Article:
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Isco Hot Tap Insertion ADFM Used for Pump Capacity Verification With 0.5 Pipe Diameters Downstream Straight Run

Pump performance curves or characteristic curves provided by pump manufacturers characterize the performance of the pump under ideal or “laboratory” conditions. Once installed in the field there are a number of conditions that could potentially impact the performance of the pump such as entrained air, impeller wear, improper operation, etc. Therefore end users may require field verification of a pump’s flow rate under field conditions either upon installation or years later to gauge the pump’s performance at the actual installation site.

Recently, Smith Pump Company, Inc. supervised the installation and startup of four vertical solids handling centrifugal pumps at a large municipal WWTP’s influent lift station located in Southeast Texas. As part of the installation supervision and startup, Smith Pump Company, Inc. performed field verification tests on the pumps. Two attempts were made to measure flow rates on the 42” vertical pipes at locations downstream of the four pumps using clamp-on flow meters. The clamp-on flow meters were unable to measure flow on three of the four pumps due to low signal strength and/or turbulence. On the fourth pump, located furthest away from the wet well’s influent pipe, the clamp-on flow meters were able to measure flow; however, the flow measurements were unstable and their average flow rates underreport flow by 2.32% and 8.79% when compared to the manufacturer’s pump performance curve. Due to the instability in the reported flow rates the clamp-on flow meter data needed to be confirmed by another technology.

In September 2012 C.C. Lynch & Associates, Inc. provided a Teledyne Isco Hot Tap Insertion ADFM flow meter and two In-Situ, Inc. LevelTROLL 500 logging pressure transducers to make another attempt at verifying pump performance. Due to the difficulty getting a boom lift into and maneuvering around the lower level of the lift station and the turbulence in the flow stream at a location closer to the pump, the decision was made to install the Hot Tap ADFM approximately 2’ upstream of a 90 degree elbow. There remained an obvious concern over turbulence with an installation this close to an elbow. However, the Hot Tap ADFM’s unique measuring principle combined with the high velocity within the pipe made this installation a success. LEM Construction provided and installed a tapping saddle with two threaded ports for the installation of the Hot Tap Insertion ADFM and an analog pressure gauge.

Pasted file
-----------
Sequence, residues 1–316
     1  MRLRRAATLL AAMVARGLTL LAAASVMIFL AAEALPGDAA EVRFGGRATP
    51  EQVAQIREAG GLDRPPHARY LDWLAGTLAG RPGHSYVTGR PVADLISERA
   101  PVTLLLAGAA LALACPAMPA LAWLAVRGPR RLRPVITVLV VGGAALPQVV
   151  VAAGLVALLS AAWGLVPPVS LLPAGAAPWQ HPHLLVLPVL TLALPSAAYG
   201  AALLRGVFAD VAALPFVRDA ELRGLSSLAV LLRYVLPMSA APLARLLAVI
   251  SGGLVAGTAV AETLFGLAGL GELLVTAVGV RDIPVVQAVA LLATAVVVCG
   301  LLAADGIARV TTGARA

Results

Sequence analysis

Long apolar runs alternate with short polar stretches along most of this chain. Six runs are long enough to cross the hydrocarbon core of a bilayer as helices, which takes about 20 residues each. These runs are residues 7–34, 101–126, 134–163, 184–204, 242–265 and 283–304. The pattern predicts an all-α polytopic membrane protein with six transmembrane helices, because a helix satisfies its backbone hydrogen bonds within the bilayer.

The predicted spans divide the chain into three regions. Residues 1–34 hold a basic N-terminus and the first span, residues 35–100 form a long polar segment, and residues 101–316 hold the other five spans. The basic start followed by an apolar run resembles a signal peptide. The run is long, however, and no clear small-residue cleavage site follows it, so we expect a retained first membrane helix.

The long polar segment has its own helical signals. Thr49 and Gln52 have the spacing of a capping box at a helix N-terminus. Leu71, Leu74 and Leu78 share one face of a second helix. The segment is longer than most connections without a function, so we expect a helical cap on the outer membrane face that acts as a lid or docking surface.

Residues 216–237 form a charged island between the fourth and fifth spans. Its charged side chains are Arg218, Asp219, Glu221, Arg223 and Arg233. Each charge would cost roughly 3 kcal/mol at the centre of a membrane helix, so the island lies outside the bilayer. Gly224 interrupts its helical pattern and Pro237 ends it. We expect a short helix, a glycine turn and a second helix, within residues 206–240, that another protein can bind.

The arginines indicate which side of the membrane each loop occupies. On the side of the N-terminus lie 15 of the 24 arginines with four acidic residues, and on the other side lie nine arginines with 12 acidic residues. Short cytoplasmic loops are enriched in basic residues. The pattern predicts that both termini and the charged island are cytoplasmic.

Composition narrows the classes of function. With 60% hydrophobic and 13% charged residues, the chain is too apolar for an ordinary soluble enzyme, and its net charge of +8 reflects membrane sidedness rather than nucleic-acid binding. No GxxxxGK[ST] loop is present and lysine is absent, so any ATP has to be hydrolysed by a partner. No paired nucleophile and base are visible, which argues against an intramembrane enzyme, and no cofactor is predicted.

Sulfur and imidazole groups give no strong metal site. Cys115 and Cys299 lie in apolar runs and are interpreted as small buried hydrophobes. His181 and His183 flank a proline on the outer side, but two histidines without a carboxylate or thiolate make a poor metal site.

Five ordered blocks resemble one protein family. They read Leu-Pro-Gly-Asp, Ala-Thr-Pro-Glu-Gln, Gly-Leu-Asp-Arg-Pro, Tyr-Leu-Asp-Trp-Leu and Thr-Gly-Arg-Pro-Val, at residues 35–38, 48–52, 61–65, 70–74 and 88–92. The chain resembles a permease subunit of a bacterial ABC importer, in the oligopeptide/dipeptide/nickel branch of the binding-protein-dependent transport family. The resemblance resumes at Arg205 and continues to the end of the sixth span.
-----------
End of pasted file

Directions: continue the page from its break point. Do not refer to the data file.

Hot Tap ADFM Location                      Adjusting Insertion Depth of Hot Tap ADFM

 

The Hot Tap Insertion ADFM uses pulse Doppler velocity profiling technology to measure the velocity distribution within the flow stream via four independent directional acoustic signals. Each directional signal is segmented so that velocities are measured across the flow stream as opposed to one single point at the face of the sensor. As a result, the velocity measurement is 3 dimensional allowing for the installation in applications with limited straight runs and or other poor hydraulic conditions. In this application, velocity measurements were collected and averaged over a 1 minute period. Every 1 minute a total of 80 individual velocity measurements were made from each of the four velocity beams. Each of the four velocity beams was segmented into 23 velocity bins. Therefore, each reported measurement is actually an average of 7,360 velocity measurements that occurred within the cross section of the pipe in a 1 minute period.

The following video helps visualize the concept of the individual velocity bins measured from four independent sensors.

For the field verification test the pump was run at 511 RPMs for two hours while the flow meter and pressure transducers logged data. Raw data generated by the Hot Tap Insertion ADFM allowed C.C. Lynch personnel to evaluate the quality of the velocity data being measured rather than just assuming the flow rate generated by the meter was valid. Upon initial pump startup, the raw data indicated excessive aeration within the pipe which slightly skewed the flow rate low though stable. As the aeration decreased the flow rate slightly increased and averaged 43,125 GPM for the next two hours. Even with the close proximity to the downstream pipe elbow the raw data indicated that the Hot Tap Insertion ADFM was providing high quality data. The Hot Tap Insertion ADFM reported stable flow rates throughout the remainder of the test with a gradual increase in flow rates as the water level in the wet well rose.

The original factory pump performance test rated the pump at 40,200 GPM @ 43 ft of discharge head.  The LevelTROLL 500 pressure transducers were used to measure the suction and discharge pressures during the test which were later used to calculate the discharge head.  At an average of 36.4 feet of head, the average flow rate measured by the Hot Tap Insertion ADFM was 43,125 GPM, which is within 0.5% of the pump manufacturer’s factory test curve validating the performance of the pump to the manufacturer’s specification.

 

Flow Meter

Installation

Location

Head (ft)

Factory Test
Flow Rate

Flow (gpm)

% Error

Hot Tap ADFM

2’ upstream of elbow

36.4

43,341

43,125

0.50%

Clamp-On (lower level)

Lift Station Lower Level

39.5

39,998

39,069

2.32%

Clamp-On

2’ upstream of elbow

37.1

43,621

39,787

8.79%

 

For more information on the Teledyne Isco Hot Tap Insertion ADFM flow meter or to find out if this flow meter is suited for your application feel free to contact us.

 

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